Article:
The National Technology Transfer Center

From 1998 to 2001, I worked for the Washington office of the National Technology Transfer Center. At the time, this outfit had one mission--to help commercialize technologies that were developed by the Ballistic Missile Defense Organization (now the Missile Defense Agency).

In a nutshell, BMDO's mission was to develop missile defense systems, both for protecting localized theaters of combat, and for protecting the U.S. as a whole. As you might imagine, stopping an incoming missile in-flight requires technologies beyond what could be purchased at the local Radio Shack. So BMDO invested heavily into research and development. The problem with specialized R&D, however, is that the end-products are very, very expensive. To keep costs down on what would already be insanely expensive systems, BMDO needed to facilitate what is known in government parlance as "technology transfer," or the adoption of technology for secondary uses. The idea behind tech transfer is one of cost savings. One specialized product, such as a microchip, could cost millions if custom-produced for one mission. But if microchips were produced in mass, such as for home computers, then one could be purchased for only a few hundred dollars.

The process is a bit more complicated than that, of course. And I'm not factoring in all the political factors that have driven BMDO (i.e. "Star Wars"). Nonetheless, NTTC's role was, and is, to present BMDO-developed technologies to potential investors who might want to mass produce products based on them. So all the reports, newsletter articles and backgrounders I did for the organization, many of which are below, were written from that perspective.

NOTE: Out-of-date links have been removed.

Reports :

BMDO Fiber-Optic Technologies for Telecommunications Part II: Optical Switches and Circuitry (report) (June 2001)

The 2000 BMDO Technology Applications Report (co-author) (January 2001)

Articles from the BMDO Update :

Superconductivity Calls (Fall 2001)

Streamlining Waveguide Production (Winter 2001)(Disabled)

New Span Pioneers Writeable Optical Interconnects (Fall 2001)(Disabled)

NanoSonic Demonstrates Self-Assembly Process (Summer 2001)(Disabled)

Corning Gets a Handle on Optical Polarization (Summer 2001)(Disabled)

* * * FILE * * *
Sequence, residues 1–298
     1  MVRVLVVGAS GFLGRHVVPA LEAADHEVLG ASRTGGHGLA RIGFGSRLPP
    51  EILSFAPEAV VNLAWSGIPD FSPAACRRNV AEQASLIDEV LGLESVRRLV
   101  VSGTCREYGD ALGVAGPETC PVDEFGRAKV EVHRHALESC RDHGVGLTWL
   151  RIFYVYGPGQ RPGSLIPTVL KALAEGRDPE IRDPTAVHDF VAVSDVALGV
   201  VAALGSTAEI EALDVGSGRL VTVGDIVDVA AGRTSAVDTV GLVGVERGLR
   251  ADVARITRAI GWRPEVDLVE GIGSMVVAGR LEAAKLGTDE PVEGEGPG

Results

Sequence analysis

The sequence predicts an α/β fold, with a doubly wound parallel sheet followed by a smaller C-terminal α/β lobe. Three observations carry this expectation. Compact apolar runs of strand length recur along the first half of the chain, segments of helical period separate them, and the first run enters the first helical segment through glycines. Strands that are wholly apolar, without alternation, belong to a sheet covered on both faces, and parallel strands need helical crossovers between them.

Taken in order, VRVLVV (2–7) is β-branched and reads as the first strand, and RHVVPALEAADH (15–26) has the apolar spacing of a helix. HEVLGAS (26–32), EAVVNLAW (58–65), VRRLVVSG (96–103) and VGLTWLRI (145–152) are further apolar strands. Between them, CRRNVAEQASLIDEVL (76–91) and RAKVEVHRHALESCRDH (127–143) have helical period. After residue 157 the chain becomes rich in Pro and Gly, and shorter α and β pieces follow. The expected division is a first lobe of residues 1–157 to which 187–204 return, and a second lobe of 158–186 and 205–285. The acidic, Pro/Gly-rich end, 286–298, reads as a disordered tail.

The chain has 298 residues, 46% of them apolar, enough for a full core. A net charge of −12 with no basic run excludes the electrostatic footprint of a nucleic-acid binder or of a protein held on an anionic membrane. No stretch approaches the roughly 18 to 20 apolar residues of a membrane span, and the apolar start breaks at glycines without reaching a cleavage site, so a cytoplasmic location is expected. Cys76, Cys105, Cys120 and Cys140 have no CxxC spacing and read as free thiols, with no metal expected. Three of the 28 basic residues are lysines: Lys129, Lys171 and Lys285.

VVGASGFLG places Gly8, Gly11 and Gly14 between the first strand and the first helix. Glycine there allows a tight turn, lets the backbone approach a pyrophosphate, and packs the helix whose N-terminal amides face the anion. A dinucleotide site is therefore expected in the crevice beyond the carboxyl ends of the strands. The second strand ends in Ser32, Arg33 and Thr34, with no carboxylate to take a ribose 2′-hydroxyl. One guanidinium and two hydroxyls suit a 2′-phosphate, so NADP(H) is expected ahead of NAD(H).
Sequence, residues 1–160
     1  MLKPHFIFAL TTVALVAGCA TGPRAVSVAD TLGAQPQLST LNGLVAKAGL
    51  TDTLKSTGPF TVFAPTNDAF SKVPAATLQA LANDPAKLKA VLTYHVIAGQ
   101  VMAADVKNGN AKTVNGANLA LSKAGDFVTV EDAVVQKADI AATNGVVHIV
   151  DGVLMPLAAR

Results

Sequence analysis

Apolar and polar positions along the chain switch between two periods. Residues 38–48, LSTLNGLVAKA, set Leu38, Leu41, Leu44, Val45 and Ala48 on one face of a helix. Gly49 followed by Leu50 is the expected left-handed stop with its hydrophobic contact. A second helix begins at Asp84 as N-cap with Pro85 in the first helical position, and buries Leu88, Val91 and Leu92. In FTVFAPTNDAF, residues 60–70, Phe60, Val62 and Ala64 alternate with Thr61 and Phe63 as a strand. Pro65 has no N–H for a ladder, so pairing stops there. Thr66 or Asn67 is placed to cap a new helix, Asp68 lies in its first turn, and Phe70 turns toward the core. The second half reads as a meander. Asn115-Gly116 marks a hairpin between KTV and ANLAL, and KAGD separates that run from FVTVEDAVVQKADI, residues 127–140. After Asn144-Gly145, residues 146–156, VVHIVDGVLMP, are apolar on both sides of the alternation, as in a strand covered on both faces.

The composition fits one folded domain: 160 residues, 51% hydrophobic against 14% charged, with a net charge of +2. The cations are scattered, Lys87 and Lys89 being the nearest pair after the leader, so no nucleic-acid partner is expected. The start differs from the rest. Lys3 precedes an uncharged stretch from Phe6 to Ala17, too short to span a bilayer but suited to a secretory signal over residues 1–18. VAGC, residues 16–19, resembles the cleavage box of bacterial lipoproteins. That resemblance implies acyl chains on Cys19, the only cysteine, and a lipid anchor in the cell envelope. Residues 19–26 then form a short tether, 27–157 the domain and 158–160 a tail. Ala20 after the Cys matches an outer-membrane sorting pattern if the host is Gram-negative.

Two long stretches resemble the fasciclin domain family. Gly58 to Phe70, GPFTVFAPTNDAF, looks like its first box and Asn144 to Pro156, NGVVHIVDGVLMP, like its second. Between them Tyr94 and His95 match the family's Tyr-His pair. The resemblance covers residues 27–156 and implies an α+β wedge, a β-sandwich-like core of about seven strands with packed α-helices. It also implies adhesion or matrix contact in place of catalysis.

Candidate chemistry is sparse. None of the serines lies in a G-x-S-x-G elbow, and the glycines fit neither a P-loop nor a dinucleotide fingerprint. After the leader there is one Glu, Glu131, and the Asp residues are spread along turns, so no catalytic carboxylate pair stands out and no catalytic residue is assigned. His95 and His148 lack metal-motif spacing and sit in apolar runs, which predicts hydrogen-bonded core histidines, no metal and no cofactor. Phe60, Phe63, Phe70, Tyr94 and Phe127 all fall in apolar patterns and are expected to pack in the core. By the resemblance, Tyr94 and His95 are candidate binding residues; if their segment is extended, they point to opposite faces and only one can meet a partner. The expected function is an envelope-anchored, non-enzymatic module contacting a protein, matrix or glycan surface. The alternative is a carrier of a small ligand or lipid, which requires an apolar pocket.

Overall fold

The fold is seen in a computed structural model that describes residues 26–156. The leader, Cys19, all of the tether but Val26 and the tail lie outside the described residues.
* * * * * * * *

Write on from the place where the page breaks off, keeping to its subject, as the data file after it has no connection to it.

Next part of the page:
Optical Interconnects Speed Multi-Chip Communications (Summer 2001)(Disabled)

Smart Control System Reduces Vibrations (Spring 2001)(Disabled)

New Patterning Technology Makes Faster Electronics, Sharper Displays (Spring 2001)(Disabled)

Signal Processing System Makes Finer Measurements (Spring 2001)(Disabled)

Robust Photonic Switch On The Way (Spring 2001)(Disabled)

Data Decks Offer Greater Capacity Than CDs (Winter 2000)(Disabled)

Forward Error Correction Saves Bandwidth (Winter 2000)(Disabled)

Code Review Made Easy (Winter 2000)(Disabled)

Building a Business Layer by Layer (Fall 2000)(Disabled)

Small Engine, Big Payoff (Fall 2000)(Disabled)

Algorithm Recognizes Voice Patterns in Noisy Environments (Fall 2000)(Disabled)

Photonic Company's Growth Depends on People (Summer 2000)(Disabled)

For Tiny Chips, Thinner is Better (Spring 2000)(Disabled)

New Compact Disc Drive Design Improves Performance (Spring 2000)(Disabled)

Chorum Brings Optical Switching Closer to Reality (Winter 1999)(Disabled)

LED Lamp to Outshine Today's Light Sources (Fall 1999)(Disabled)

Digital Display System Achieves Natural Motion (Fall 1999)(Disabled)

Radiant Lights the Way for Affordable WDM (Fall 1999)(Disabled)

Materials R&D Yields New Ellipsometer, Window Applications (Fall 1999)(Disabled)

Rising to the Clockless Advantage (Summer 1999)(Disabled)

New Transistor Beats the Heat (Summer 1999)(Disabled)

Fuzzy CMAC Takes a Bite Out of Crime (Summer 1999)(Disabled)

Solar Powered Craft Offers Satellite Alternative (Summer 1999)(Disabled)

Get Ready for More Powerful Microelectronics (Spring 1999)(Disabled)

Small Diffuser Brings Big Payoffs (Spring 1999)(Disabled)


Solar-Powered High-Altitude Unmanned Aircraft, AeroVironment, Inc.(Disabled)

Direct Digital Conversion,Amain Electronics, Inc. (Disabled)

Submicron-Resolution, Large-Area, High-Throughput Patterning System for Electronic Modules , Anvik Corporation. (Disabled)

Monolithically Interconnected, High-Voltage Silicon Solar Cell Arrays (Disabled), AstroPower, Inc.

Signal Processing for Improved Spatial Resolution Measurements (Disabled), Brimrose Corporation.

High Electro-Optic Coefficient Films for Fiber-Optic Components (Disabled),Corning Applied Technologies

Small Vector Thrust Pulsed Detonation Rocket Engine (Disabled), Enigmatics, Inc.

Visual Software Agents for Automated Code Engineering (Disabled), FlowLynx, Inc.

Omnidirectional Video Surveillance System(Disabled), Genex Technologies, Inc.

Unified Memory Architecture, Integrated Magnetoelectronics (Disabled)

Intelligent Real-Time Control System, Intelligent Automation, Inc. (Disabled)

Electrochromic materials, J.A. Woollam Company, Inc.

Laser Propulsion, Lightcraft Technologies, Inc. (Disabled)

Wafer Thinning Process, Materials and Technologies Corp. (Disabled)

Electrostatic Self-Assembly of Nanoparticles, NanoSonic, Inc. (Disabled)

VCSEL-based Optical Disc Drive , New Dimension Research & Instrument, Inc.(Disabled)

Dynamic Optical Interconnection, New Span Opto-Technology Inc. (Disabled)

Holographic Beam Homogenizer, Physical Optics Corp.(Disabled)

Energy-Based Vibration Control System for Load-Bearing Skin Structures, Quality Research, Development & Consulting, Inc. (Disabled)

Electroluminescent Materials, Quantum Energy Technologies Corp.  (Disabled)

Photonic Switch, Radiant Photonics, Inc. (Disabled)

Chiral Film, Reveo, Inc.(Disabled)

Error Correction Code, Science Dynamics Corp.

Photonic Liquid Crystal Elements, SpectraSwitch, Inc. (Disabled)

Nanometer-sized Dielectric Powders for Embedded Capacitance, TPL, Inc. (Disabled)

NULL Convention Logic, Theseus Logic, Inc.(Disabled)